' handle 50 can be an unperforated type so as to provide an external support as a backing for the pressing of the portion of the seam on which the handle is carried. In fact, where two cemented handle halves are used, 'this cementing effectively acts as. a seal for the adjacent margins of thecup sections'51, 52 andthe seam overlap can be correspondingly omitted. If desired, the handle 50 can have its central portions of reduced wall thickness so as to form a better grip for the fingers. Such thickness reduction can be effected either in the original forming of the blanks, in the final pressing, or by an intermediate operation. I

a 'As an alternative construction of the present invention the central portions of the handle halves can be provided with a scored or perforated peripheral tear line so that the central portion can conveniently be punched or torn out after the pressing is completed to thereby provide a more conventional type of handle. This punching or tearing out operation can also be accomplished before the pressing operation or the sections 51, 52 can be initially formed with the open handle, but the final pressing of such an article generally calls for a female die with movable parts that automatically insert a filler in the handle opening to act as a ,backing for the pressing of the adjacent seam. This filler is then automatically retracted when the completely pressed cup is to be discharged.

Fig. 17 represents a modified and preferred exemplification of the invention. A cup-shaped article according to this exemplification is formed from a single split section or perform which includes all parts of the final cup yet which at the same time can be free dried without presenting excessive depth. As shown, the split perform 56 corresponds in shape to a cup that has beenrsplit along opposed portions of its side walls and folded open at a hinge line 57 across its bottom. To permit more ready overlapping when the preform is folded for the final pressing operation one edge of each side wall can have a small 7 extension, indicated at 58 to provide some overlap for the final cementing. If desired, this extension can be provided on one edge of one side of the preform and the other edge of the other side or can be divided between each pair of mating edges. The split edges make very good supports on which the split preform is conveniently held for free drying without excessive warpage or sagging.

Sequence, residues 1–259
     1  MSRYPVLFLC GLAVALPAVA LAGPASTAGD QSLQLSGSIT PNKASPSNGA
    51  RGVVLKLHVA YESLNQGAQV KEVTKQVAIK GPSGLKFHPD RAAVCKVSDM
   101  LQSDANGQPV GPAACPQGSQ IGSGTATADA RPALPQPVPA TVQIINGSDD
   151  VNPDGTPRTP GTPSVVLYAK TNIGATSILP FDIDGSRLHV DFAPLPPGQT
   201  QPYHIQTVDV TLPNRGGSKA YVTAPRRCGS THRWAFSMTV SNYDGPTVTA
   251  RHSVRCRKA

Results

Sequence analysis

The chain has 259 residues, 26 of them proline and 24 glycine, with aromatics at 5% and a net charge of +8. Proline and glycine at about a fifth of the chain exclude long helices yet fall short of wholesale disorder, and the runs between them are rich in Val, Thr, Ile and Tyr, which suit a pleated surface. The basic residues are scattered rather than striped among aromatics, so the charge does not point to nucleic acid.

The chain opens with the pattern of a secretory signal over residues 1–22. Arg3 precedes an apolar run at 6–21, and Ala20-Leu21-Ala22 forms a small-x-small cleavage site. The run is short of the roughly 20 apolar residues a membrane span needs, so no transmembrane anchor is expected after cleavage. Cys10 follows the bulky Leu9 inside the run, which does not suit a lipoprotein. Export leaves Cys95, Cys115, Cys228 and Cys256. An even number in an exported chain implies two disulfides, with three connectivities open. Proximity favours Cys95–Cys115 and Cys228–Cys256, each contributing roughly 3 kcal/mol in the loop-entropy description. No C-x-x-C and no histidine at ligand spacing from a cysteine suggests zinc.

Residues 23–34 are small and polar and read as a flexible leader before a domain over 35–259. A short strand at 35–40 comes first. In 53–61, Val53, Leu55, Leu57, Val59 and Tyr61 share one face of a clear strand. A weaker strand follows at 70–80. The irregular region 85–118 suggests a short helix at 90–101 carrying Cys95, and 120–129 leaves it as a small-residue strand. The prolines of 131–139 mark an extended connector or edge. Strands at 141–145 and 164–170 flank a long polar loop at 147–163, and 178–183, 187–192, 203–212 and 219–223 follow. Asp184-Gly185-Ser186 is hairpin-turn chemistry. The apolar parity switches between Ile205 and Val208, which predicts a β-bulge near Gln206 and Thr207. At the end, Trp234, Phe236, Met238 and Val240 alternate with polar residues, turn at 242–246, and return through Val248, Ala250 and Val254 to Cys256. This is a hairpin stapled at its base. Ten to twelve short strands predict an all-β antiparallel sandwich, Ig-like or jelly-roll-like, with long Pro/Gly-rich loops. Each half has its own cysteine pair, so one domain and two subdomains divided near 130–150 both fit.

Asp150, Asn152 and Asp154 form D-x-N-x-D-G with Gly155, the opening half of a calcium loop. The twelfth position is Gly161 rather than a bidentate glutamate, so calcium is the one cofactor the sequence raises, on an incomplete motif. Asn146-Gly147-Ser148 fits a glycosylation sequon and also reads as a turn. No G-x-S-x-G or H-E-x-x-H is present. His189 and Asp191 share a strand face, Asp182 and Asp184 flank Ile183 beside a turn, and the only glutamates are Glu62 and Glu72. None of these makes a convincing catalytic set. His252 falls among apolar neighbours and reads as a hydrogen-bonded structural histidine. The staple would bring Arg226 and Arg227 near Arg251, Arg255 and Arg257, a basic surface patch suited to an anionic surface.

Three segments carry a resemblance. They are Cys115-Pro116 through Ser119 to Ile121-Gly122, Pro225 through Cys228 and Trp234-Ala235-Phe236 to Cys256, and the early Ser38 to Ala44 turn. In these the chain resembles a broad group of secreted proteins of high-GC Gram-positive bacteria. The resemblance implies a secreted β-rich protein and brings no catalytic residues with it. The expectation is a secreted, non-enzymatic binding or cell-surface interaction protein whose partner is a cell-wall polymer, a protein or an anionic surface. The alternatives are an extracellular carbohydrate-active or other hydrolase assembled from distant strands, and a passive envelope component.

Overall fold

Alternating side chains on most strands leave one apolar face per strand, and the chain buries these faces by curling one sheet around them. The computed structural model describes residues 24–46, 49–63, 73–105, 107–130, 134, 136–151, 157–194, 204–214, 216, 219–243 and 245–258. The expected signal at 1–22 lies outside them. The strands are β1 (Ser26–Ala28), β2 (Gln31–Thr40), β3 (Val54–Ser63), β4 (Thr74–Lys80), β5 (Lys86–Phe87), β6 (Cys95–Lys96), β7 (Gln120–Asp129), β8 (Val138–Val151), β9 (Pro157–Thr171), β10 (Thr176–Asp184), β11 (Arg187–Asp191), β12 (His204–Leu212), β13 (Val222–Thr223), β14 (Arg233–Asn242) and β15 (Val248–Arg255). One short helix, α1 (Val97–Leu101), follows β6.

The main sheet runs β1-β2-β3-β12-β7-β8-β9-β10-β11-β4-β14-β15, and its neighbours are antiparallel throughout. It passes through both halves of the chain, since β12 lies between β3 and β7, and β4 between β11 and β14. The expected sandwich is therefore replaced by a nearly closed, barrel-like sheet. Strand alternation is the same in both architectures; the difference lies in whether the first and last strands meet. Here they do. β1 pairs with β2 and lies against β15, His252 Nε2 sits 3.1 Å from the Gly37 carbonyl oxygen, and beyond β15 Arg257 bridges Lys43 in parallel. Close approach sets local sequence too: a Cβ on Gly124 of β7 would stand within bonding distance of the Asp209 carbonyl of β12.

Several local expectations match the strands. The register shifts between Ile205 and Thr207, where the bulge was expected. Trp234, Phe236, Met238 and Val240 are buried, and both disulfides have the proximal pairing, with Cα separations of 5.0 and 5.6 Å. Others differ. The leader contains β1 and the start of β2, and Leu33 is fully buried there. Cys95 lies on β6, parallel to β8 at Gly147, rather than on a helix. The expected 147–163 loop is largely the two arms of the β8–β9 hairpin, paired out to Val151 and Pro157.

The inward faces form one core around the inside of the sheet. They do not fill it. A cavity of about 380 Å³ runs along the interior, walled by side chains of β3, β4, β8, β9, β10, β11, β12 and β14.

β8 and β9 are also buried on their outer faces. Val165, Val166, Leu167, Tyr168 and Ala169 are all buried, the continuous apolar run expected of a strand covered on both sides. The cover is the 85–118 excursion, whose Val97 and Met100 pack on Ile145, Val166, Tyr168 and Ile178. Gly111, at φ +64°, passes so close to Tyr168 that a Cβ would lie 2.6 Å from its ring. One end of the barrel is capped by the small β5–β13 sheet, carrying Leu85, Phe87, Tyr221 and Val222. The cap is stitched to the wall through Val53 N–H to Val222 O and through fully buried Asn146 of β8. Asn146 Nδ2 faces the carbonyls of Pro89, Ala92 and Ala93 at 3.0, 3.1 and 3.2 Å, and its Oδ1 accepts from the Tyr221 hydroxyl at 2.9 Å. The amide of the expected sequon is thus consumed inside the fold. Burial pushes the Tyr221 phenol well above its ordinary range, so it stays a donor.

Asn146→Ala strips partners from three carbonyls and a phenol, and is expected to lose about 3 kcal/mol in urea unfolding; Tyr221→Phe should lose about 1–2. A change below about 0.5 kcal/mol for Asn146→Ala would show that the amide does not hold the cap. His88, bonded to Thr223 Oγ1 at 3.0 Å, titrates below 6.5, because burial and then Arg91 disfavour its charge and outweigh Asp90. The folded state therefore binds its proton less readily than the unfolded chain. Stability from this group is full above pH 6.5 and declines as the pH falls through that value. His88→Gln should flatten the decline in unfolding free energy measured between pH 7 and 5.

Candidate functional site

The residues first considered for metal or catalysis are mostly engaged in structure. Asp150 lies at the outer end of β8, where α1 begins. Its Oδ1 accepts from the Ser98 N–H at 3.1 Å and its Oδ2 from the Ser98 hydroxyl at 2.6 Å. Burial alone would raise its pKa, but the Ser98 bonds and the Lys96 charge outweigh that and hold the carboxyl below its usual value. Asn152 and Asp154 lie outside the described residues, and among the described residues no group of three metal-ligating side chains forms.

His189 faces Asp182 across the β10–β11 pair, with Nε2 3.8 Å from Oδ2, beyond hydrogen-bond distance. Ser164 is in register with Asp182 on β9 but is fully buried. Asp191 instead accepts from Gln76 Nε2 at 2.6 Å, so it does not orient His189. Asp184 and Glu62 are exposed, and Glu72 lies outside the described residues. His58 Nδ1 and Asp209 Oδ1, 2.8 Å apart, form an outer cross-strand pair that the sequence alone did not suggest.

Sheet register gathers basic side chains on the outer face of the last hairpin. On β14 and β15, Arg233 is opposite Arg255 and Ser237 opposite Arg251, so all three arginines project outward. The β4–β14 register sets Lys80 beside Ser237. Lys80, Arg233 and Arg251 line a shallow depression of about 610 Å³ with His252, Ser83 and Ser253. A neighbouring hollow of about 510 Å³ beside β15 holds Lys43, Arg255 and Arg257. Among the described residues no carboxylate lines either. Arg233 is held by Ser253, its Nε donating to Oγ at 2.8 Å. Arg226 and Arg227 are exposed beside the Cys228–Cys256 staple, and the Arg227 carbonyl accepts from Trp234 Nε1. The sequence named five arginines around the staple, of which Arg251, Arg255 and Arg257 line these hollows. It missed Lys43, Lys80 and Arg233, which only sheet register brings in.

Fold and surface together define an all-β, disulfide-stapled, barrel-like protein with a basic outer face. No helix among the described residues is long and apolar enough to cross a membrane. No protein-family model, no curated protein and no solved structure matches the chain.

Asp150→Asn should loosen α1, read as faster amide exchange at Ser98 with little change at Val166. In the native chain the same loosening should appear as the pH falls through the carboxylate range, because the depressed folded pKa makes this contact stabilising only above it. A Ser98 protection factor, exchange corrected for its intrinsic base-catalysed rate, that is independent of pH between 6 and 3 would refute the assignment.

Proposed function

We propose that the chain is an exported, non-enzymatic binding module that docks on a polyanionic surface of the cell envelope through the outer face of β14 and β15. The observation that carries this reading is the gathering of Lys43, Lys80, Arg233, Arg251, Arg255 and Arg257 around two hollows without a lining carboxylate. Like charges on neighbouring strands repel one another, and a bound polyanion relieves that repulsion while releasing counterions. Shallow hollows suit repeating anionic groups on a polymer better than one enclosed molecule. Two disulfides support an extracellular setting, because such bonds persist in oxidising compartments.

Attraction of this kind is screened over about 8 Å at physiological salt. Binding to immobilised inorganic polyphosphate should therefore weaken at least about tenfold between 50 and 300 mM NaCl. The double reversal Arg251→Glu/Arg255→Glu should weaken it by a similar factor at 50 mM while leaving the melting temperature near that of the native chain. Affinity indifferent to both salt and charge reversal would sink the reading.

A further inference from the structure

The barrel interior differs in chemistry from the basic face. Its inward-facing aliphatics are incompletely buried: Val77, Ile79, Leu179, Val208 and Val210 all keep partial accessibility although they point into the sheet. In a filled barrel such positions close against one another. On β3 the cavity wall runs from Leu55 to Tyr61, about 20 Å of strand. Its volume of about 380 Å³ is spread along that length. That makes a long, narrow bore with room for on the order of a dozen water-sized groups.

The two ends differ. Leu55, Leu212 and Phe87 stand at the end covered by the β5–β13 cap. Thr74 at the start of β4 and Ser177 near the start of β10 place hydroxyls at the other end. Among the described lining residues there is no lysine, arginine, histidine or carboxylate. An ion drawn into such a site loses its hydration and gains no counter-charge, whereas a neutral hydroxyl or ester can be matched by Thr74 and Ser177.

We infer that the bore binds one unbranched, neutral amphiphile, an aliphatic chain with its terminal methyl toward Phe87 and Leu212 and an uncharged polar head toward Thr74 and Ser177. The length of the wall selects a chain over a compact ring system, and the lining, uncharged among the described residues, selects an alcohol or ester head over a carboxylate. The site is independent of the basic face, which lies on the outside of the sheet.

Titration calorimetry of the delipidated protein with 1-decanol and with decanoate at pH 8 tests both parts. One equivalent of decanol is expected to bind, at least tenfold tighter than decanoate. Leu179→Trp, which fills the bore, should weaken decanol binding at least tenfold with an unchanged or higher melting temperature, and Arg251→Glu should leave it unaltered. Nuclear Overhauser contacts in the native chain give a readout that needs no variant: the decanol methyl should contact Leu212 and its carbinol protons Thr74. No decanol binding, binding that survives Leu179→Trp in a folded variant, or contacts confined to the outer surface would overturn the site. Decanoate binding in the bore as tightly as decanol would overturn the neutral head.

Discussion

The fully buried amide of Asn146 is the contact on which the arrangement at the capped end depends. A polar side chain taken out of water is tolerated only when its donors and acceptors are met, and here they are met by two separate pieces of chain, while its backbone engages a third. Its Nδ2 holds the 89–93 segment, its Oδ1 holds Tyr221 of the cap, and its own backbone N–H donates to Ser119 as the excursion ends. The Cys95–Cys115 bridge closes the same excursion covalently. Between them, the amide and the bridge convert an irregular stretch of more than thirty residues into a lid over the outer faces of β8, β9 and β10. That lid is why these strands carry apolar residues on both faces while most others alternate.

Fig. 10 schematically shows an apparatus for autmatically cementing and finishing the preform of Fig. 17. According to this embodiment of the invention the preforrns are fed as by conveyor 301 onto one end of a cementing platform 303. An endless series of impelling fingers 305 carried by a chain 307 looped around sprockets 309 and moving in the direction indicated by the arrows 311 catches the individual preforms by their folded hinge portion and impels them along platform 303. Boththe platform and the conveyor are split longitudinally to provide a central passageway through which the fingers 305 can pass.

At 311 is a cementing station at which are located a pair of cement applicators, one on each side of platform 303. One of these applicators is shown in Fig. 10. A resiliently held dauber 313 supplied with cement in liquid form projects into the path of the impelled preforms 58 and dabs the cement over the outer surface of its lower margin, at the site of the overlap.

Beyond the cementing station, the preforms are impelled against a resilient arm 315 which pushes down against them, thereby folding the leading sections downwardlyas indicated in the figure. The rear sections are held up by the fingers 305 and'inmoving further push back the arm 315. At about the same time the downwardly folded leadingsections are impelled through a lateral constriction provided for-examplebyapair oflaterally spaced bars 317' which cause-this section to have its sides squeezed together and held back somewhat as the preform is moved through. 7